The Washington Football Team looks to be taking steps forward and improving. No, they aren't the biggest steps — imagine the kind you take on your driveway when it's covered in a sheet of ice; yeah, those short and deliberate ones — yet they are seemingly headed in the right direction.
The Burgundy and Gold sit at just 2-5 as they come out of their bye week, but their two recent matchups against the Giants and the Cowboys have represented two of their top three efforts in 2020.
Again, losing to a winless rival by one point and beating up on another with a garbage defense and a backup quarterback aren't worth bragging about at all. However, it's a start.
It may be more than that, too, when you add in Ron Rivera's record in the second half of seasons as a head coach. In September and October, he's 34-38-1. In November and December, though, he's 43-32.
In a one-on-one with NBC Sports Washington's JP Finlay on Monday, Rivera assessed why his Panthers squads turned it on as the schedule progressed.
"Well, historically, being in Carolina, it was a little different in terms of the way we had to go through training camp with the heat and everything like that," he told Finlay on Monday. "It always seemed everything always built up to a crescendo."
Rivera also touched on the topic in his general presser with the media, explaining why those "crescendos" occurred later in the calendar.
“I think players have aha moments," Rivera said. "All of a sudden it’s: ‘Ah, I see what the coaches are saying. I see what they’re trying to show us. OK, that makes sense.’ Again, part of it is we didn’t have OTAs. We didn’t have minicamp. We didn’t have a normal training camp for these guys to look and see and adapt and get used to things. What’s happening now is we’re having these aha moments, and hopefully they continue where it makes sense."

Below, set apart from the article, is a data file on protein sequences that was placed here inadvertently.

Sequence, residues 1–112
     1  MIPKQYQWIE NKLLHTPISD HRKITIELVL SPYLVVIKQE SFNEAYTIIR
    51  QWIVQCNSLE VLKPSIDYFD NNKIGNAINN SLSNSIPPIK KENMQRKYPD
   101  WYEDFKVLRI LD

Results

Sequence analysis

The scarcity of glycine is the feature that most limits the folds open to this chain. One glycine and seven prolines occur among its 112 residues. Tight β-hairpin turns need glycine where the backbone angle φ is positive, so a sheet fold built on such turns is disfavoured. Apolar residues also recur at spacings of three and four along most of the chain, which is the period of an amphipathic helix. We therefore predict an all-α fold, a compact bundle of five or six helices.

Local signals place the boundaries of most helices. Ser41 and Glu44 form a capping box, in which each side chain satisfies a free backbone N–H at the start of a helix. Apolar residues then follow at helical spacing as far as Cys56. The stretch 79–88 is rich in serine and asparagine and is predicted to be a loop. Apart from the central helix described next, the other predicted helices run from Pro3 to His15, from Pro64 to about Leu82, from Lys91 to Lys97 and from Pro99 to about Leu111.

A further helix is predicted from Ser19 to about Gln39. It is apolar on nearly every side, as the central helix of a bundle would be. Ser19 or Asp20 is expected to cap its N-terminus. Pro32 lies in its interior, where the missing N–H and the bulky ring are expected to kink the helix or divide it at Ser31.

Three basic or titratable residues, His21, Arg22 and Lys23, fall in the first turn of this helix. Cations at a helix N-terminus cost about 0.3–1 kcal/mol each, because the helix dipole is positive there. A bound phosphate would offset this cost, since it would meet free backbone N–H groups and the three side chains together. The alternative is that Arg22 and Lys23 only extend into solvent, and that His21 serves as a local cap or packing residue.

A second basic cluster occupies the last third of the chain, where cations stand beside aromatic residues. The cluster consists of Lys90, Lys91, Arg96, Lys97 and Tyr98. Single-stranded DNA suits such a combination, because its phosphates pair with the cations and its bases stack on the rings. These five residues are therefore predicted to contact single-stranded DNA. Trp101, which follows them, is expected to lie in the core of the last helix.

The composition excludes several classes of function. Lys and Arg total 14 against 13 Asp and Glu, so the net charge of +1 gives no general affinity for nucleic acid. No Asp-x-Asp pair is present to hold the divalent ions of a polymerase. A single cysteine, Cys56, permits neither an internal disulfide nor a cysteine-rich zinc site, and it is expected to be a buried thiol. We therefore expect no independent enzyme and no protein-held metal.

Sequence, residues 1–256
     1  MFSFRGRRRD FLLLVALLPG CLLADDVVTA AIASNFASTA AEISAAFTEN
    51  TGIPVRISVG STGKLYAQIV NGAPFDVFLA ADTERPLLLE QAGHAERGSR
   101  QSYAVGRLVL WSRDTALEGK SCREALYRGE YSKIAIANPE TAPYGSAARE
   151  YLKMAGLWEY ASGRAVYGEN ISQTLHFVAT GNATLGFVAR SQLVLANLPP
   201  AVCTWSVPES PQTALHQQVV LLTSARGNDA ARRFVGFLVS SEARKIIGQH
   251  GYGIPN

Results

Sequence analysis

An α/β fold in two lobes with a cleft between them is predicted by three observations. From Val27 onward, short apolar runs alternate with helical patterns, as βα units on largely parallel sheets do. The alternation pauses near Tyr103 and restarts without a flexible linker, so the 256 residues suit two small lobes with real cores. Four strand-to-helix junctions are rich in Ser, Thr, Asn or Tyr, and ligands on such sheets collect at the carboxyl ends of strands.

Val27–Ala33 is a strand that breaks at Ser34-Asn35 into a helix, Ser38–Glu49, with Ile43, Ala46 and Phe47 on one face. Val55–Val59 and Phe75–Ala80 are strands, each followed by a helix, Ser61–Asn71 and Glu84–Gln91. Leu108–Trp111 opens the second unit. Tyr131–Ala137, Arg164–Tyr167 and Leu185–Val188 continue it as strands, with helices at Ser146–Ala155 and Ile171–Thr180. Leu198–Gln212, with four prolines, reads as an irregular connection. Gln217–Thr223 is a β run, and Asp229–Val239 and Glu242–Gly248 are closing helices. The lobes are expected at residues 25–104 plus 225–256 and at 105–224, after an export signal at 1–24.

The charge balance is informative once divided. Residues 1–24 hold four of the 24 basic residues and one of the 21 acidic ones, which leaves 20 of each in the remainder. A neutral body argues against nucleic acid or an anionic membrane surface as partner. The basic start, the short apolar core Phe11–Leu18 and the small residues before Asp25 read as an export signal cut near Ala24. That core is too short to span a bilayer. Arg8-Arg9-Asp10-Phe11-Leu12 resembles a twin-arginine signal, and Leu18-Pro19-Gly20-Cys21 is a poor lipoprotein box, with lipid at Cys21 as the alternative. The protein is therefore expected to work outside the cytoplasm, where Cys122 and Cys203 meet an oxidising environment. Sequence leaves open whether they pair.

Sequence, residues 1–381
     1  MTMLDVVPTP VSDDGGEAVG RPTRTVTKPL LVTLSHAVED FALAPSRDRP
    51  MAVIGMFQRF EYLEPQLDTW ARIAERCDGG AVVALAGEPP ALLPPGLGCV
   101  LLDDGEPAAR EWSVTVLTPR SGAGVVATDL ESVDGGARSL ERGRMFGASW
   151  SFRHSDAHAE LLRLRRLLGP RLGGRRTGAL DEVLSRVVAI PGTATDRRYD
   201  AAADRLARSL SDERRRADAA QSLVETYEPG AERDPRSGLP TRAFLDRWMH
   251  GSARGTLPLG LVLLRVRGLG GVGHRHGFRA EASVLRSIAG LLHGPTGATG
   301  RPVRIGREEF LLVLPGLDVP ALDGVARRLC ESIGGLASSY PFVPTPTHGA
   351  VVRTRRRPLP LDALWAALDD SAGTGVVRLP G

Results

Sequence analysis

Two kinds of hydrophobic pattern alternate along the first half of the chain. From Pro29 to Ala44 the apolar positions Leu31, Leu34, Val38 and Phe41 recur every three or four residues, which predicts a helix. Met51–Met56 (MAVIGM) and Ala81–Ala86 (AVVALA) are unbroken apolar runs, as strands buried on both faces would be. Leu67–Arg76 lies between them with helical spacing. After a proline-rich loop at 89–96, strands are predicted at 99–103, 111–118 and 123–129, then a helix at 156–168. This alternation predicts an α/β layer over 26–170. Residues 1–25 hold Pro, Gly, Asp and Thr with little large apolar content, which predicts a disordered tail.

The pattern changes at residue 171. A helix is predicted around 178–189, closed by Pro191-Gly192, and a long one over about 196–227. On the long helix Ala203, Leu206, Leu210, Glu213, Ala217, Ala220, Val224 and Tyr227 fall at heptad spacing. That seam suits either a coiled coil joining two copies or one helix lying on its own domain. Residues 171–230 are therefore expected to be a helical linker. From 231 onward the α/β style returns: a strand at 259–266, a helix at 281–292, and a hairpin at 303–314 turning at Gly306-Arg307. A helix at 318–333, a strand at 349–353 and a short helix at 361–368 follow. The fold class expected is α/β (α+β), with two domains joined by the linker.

It's become a bit tiresome hearing so many people in the league refer back to the shortened offseason, especially as that offseason drifts further into the past. That doesn't mean it's not a valid point, though, and the lack of time together was even more impactful on franchises with new staffs, like Washington.
Skeptics will brush off what Rivera's roster has done lately simply because of the opponents they did it against, which is understandable. Still, with the way the NFC East is going to stack up come Week 17, it's not like Washington needs to become an elite club; incrementally growing could easily be enough for them to make the playoffs.
Rivera definitely sees it that way.
"That's kind of what I'm hoping for now," he said. "We put it together now and really play some of our better football as we start getting down to the end of the season."
Rivera experienced crescendos in Carolina. In Washington, he'd likely settle for a mere boost in volume. They don't have to rise above the rest of the NFC, they just simply have to be louder than the rest of their division. That is absolutely possible.